When a marriage or marriage-like relationship ends, there are usually points where parties have differences of opinion.

What to do about a difference of opinion? There are basically two ways to approach it. Either the parties can compromise and bridge the difference on their own steam, or someone else can decide for them. It really is as simple as that.

When parties are motivated to reach their own resolution, a good mediator helps by providing and facilitating the process through which the parties achieve voluntary and mutually acceptable solutions. Heather Dale brings to the table skills which can be divided into two categories: (a) skills pertaining to the groundwork, namely: setting the mediation stage; identifying the issues; and facilitating discussion toward agreement; and (b) skills tailored to deal with the specific dynamics between the parties such as differences in values/priorities, power imbalances, patterns of abuse or disrespect, poor or non-communication, powerful emotions, misinformation and different analytical approaches.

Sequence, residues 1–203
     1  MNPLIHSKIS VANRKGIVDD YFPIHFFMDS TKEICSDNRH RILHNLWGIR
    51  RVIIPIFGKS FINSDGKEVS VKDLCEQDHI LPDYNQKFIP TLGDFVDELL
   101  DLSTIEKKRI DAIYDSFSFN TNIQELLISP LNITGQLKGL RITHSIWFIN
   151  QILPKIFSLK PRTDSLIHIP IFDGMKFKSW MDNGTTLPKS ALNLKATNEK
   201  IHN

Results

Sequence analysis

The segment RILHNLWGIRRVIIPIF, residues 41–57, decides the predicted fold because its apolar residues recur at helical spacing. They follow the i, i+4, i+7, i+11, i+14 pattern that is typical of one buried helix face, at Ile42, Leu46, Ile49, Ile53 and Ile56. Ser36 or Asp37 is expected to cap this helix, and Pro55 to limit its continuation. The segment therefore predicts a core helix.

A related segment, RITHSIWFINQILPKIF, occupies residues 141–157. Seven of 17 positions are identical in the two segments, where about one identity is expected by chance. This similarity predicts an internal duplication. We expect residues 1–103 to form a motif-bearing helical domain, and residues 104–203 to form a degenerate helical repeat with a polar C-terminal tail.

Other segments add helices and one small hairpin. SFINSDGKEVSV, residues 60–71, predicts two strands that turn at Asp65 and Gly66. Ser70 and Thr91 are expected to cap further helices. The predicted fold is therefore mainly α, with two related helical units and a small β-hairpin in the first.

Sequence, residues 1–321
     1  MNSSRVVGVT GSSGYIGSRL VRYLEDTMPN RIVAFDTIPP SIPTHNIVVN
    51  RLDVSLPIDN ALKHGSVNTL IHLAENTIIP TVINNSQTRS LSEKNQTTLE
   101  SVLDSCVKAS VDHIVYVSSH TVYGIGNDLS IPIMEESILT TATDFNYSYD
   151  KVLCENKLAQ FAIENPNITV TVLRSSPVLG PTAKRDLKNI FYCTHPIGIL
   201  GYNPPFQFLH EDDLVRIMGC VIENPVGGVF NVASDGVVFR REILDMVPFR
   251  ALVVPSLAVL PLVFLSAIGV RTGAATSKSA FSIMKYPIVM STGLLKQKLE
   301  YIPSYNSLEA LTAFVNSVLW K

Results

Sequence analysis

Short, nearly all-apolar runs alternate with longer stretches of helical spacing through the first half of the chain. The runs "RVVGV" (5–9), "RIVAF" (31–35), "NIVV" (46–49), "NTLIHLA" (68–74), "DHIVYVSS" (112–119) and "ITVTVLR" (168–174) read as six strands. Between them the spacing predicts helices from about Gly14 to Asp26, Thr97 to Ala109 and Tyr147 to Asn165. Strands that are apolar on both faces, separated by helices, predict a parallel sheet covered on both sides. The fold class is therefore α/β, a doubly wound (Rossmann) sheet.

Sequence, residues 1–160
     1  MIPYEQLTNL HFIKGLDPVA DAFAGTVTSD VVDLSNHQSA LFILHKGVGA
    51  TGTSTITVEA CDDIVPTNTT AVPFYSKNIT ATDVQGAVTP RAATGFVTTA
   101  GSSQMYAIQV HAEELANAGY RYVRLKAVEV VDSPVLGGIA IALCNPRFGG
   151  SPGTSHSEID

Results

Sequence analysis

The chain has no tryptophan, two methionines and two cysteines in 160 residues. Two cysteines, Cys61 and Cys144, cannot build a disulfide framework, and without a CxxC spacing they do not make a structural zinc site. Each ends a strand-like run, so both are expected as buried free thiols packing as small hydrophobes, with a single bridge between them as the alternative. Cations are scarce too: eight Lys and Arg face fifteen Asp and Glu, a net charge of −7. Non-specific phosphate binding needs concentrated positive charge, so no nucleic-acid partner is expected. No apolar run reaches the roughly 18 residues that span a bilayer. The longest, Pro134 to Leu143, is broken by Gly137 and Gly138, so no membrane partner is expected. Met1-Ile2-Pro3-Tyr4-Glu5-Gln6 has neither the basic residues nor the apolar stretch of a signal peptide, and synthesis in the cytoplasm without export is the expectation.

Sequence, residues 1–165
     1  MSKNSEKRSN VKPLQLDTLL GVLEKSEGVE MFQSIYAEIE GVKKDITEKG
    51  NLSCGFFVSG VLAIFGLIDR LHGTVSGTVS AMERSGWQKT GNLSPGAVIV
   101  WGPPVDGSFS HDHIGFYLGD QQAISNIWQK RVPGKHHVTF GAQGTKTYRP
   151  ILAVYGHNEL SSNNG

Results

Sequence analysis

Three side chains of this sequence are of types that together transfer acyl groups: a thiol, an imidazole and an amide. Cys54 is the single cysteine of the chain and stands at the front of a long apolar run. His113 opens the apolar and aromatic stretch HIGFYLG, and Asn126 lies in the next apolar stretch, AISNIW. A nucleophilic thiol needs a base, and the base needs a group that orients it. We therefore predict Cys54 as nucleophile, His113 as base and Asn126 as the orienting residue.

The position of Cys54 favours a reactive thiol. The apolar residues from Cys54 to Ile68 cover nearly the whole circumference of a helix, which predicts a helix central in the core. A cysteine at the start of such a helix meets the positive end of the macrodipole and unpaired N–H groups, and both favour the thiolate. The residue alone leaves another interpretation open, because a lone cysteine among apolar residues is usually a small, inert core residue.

Though mediation can be a challenge, it is generally preferable by far to the difficulties that may arise when parties decide to “let the judge decide” for them. In order to let the judge decide, the parties must pay counsel to do all the necessary preparatory work, which often includes interim court applications. Aside from the financial cost of litigation, which is significant, the path toward trial is filled with anxiety and uncertainty for parties.

Common mediation-related questions:

How Much Will It Cost?

What documents need to be provided?

How do I get a settlement?

Do I have to go to court?

What is family property and debt?